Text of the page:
Despite an aggressive biannual release schedule, Sony’s smartphone business has failed to live up to expectations with the Japanese giant recently trimming its annual shipment target from 50 million to 43 million.
Sony’s Xperia business was once a strong performer but the rise of Chinese players in the low-end smartphone market and the dominance of Apple and Samsung in the top-end segment has left Sony bruised.
When it comes to market share, Sony has failed to crack the top five smartphone makers list for seven straight quarters despite its flagship devices earning critical praise. What’s more, Sony's inability to land distribution deals with US wireless carriers has meant that it has next to no presence in the second largest smartphone market.
Sony is hoping to turnaround its fortunes with a slate of new flagship offerings starting with the Xperia Z3 and is going all in with a near simultaneous release in all major markets.The Z3 promises to deliver a better display, an improved camera, the ability to stream Playstation 4 games and two day battery life - all packed inside a thinner frame. But is it a worthy refresh?
Thinner and more colourful than before
At just 7.3mm, the Z3 is the thinnest Android flagship smartphone on the market and not far off from the iPhone 6’s petite 6.9mm frame. It’s an impressive feat when you consider that the Z3 also packs waterproof protection at up to a depth of 1.5 metres of fresh water and will also withstand exposure to dusty environments thanks to the IP65 and IP68 rating.
Despite the slightly smaller chassis, the Z3 sticks closely to the Xperia premium design formula with a glass covered front and back, aluminium banding around the sides, dedicated physical camera button and signature machined aluminium power button.
Sony has made some thoughtful tweaks for its latest entry such as the switch to rounded corners and tapered edges that make for a slightly more pleasant experience in the hand. The corners of the handset have also been coated with a nylon material which, according to Sony, can minimise damage to the smartphone from an accidental fall.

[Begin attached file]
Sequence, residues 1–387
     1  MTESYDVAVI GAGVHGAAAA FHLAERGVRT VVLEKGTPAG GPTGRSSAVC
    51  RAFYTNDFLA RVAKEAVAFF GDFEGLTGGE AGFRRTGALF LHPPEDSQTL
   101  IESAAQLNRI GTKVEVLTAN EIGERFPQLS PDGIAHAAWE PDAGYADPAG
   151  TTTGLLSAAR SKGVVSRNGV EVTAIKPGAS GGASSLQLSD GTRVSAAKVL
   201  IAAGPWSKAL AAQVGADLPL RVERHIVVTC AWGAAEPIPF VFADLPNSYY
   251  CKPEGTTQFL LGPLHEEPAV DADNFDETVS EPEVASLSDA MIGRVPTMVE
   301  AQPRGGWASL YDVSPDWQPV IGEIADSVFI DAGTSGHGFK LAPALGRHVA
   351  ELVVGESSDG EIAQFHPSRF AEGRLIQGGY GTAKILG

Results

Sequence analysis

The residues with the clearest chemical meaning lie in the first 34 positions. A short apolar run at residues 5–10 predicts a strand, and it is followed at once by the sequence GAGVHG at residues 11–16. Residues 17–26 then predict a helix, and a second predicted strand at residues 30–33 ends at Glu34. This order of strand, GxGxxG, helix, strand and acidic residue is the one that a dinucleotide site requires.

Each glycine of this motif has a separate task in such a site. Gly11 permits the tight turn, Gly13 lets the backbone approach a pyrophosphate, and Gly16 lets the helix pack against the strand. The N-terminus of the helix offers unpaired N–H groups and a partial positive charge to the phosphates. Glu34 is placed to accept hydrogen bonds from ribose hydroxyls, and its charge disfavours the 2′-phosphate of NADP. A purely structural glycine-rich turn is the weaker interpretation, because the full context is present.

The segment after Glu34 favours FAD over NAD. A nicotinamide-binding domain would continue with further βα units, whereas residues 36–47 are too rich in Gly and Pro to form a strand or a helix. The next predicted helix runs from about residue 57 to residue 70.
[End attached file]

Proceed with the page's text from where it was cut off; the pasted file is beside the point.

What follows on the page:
It has also added a few more colour options to the mix with a copper or silver green available on top of the regular staple of white or black models.
With the Z2, Sony was close to having the perfect LCD display but its inability to cope with ambient light and high levels of screen reflectance limited the display’s usefulness outdoors.
Sony has rectified the issue this time around by equipping the Z3 with one of the brightest displays on the market at 600 nits. While not quite as bright as the AMOLED panels on the Galaxy S5 or Note 4, the brightness is a noticeable jump above its predecessor, which only had a peak brightness range of around 400 nits.
The result is a display that is clearer and easier to read even in direct sunlight.
Not quite future proof
It’s worth noting that Sony has chosen to stick with the same 5.2-inch full HD (1,920 x 1,080 pixels) display instead of following the higher resolution Quad HD (2,560 x 1,600 pixels) trend of other flagships like the Samsung Galaxy Note 4 and LG G3. According to Sony, the higher resolution isn’t worth the tradeoff in reduced battery life.
There are no changes under the hood either, with the company once again opting for a quad-core Snapdragon 801 processor instead of the newer and more powerful 805 processor.
This is likely to be a sticking point for power users who regularly use their smartphone for demanding apps like high-end 3D mobile games, video and image editing apps or for those who like to future proof their smartphones as much as possible. That said, the Z3 is still one of the snappiest Android smartphones on the market thanks to its relatively minimalist UI and the average smartphone user is unlikely to miss the upgrade in processing power.
High-Res audio and Playstation 4 gaming on the Z3
The UI and software features are pretty much the same as what we saw on the Z2 with support for built-in themes and floating apps. Some new additions include Lifelog - a health tracker designed to work in conjunction with the company’s very own fitness band.